- Why did you decide to go into PR? Well, this is where my answer is probably not going to line up with an account person’s. I actually accidentally stumbled into PR, just as I had accidentally stumbled into internet research (which is a good story all its own). The story of how networking got me my job at Waggener is actually quite interesting and weaves a neat web of people – it’s posted on my friend Jim Stroud’s website here. Long story short though, my decision to join Waggener, and the world of PR, was because the opportunity to work with an innovative and highly respected company in a brand new field was intriguing and exciting. I was not feeling challenged in the right ways in my then-current situation and needed something more. Waggener has certainly provided that for me – I have been learning not only public relations, but social media strategy, client interaction, and corporate culture as well as staying connected within my recruiting and research community. It is overwhelming at times, but I’ve often said that if you’re not green and growing, you’re red and rotting.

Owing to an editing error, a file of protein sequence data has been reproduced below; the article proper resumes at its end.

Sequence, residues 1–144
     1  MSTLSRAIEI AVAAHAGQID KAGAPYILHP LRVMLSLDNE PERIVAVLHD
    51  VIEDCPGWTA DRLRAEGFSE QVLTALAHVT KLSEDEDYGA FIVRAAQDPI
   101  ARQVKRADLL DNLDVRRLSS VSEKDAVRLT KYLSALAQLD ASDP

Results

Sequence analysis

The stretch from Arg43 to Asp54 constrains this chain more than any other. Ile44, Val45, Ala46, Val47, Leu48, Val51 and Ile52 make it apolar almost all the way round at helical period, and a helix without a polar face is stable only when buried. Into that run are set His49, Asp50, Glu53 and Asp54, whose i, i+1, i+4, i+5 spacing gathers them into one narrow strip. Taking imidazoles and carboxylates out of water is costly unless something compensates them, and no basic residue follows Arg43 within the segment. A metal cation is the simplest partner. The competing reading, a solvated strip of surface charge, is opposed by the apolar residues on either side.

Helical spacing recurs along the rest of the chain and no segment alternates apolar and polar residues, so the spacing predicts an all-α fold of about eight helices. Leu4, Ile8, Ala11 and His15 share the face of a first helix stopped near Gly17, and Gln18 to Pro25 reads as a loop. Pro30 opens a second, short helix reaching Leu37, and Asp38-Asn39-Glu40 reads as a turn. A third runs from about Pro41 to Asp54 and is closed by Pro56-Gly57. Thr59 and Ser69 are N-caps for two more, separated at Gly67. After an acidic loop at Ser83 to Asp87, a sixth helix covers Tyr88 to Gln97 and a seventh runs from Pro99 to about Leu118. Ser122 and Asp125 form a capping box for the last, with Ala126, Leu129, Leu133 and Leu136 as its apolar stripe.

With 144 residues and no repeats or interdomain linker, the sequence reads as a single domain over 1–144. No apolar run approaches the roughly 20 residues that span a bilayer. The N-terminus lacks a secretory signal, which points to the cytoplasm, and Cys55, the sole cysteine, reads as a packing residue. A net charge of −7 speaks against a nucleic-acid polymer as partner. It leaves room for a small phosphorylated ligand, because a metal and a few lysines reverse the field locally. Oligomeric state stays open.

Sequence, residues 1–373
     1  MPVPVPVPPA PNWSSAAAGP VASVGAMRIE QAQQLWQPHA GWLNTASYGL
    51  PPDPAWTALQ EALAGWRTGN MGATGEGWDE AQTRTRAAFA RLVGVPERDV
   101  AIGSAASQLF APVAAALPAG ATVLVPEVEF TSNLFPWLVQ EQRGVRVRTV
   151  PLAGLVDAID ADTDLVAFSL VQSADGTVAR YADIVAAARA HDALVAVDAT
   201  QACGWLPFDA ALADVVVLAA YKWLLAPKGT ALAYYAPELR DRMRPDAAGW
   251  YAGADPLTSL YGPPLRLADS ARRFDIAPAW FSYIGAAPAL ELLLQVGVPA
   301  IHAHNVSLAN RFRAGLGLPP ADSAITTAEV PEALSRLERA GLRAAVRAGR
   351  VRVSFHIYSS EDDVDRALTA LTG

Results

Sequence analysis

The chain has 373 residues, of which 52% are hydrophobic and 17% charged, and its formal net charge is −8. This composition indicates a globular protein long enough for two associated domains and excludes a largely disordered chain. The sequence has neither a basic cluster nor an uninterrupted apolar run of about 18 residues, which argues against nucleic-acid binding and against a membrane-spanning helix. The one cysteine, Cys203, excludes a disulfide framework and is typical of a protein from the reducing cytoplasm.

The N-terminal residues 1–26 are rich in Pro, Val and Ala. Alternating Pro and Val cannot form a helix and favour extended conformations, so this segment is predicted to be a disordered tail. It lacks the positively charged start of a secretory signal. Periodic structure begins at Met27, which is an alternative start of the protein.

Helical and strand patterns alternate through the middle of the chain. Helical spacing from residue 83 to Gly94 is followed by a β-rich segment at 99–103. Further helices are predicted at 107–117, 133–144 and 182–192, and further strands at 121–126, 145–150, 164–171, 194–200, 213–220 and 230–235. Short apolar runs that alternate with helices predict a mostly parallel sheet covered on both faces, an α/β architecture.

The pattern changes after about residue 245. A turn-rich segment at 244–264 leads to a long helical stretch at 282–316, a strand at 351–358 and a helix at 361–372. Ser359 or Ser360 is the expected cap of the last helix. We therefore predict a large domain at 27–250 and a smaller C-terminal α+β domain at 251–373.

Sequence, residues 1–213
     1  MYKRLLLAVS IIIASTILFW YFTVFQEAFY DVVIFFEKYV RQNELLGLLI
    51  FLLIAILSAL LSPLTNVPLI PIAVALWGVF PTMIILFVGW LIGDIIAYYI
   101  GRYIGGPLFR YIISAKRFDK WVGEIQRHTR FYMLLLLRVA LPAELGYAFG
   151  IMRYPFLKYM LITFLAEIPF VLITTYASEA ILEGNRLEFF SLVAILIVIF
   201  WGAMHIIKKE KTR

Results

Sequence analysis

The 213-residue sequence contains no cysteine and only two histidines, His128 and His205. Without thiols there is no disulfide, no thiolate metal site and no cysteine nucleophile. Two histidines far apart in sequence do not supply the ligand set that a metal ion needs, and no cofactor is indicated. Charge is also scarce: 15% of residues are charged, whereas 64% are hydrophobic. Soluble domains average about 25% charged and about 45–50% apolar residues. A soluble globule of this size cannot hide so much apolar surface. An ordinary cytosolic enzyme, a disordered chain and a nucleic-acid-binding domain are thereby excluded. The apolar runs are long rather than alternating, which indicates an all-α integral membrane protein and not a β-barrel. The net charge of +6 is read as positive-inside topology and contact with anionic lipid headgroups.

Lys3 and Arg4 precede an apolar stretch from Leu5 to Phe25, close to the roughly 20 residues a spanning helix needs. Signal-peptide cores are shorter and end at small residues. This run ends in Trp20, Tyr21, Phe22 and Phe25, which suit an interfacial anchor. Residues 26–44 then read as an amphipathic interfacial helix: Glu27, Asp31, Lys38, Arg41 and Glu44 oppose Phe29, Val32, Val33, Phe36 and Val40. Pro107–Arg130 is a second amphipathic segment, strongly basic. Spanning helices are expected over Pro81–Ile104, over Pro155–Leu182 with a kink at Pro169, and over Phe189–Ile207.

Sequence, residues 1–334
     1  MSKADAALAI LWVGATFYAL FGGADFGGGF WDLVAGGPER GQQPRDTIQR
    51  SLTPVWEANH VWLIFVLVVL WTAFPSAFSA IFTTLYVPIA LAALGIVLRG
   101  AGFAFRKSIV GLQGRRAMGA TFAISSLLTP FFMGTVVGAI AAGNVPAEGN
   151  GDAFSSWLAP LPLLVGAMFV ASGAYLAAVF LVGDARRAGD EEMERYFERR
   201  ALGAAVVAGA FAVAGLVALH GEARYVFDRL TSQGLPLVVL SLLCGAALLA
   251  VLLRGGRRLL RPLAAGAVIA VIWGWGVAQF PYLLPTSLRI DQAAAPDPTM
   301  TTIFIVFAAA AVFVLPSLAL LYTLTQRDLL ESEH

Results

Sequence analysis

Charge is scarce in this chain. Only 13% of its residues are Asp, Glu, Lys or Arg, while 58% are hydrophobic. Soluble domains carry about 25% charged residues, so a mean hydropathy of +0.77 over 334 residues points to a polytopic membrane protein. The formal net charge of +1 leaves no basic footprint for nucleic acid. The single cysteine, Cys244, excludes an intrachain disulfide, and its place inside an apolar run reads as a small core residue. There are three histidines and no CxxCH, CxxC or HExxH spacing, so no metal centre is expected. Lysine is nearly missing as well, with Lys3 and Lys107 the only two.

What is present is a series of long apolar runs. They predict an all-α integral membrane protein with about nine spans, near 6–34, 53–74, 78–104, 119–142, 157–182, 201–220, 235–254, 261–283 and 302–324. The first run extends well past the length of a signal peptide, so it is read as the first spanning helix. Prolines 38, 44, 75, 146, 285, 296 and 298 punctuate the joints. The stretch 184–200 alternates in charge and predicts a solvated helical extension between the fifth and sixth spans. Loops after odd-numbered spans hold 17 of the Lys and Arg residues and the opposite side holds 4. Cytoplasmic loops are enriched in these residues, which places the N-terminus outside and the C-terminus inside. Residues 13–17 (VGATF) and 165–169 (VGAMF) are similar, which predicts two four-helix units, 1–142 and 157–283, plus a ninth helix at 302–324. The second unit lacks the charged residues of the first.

Now, in keeping this meme alive, I am going to tag three additional people to spread the love: one PR student, one PR Young Gun, and one PR veteran:
- The PR Student: Paul Matson, The Social Media Institute
- The PR Young Gun: Paull Young, Young PR
- The PR Veteran: Kevin Dugan, The Bad Pich Blog and Strategic Public Relations
Filed under: Uncategorized
Taking a break from my usual content here just to wish my Florida Gators good luck in the BCS National Championship Game tonight. I’m a 2000 graduate from the University of Florida’s College of Health and Human Performance, and I bleed orange and blue through and through. Regardless of who wins and gets named #1, it should be an awesome game.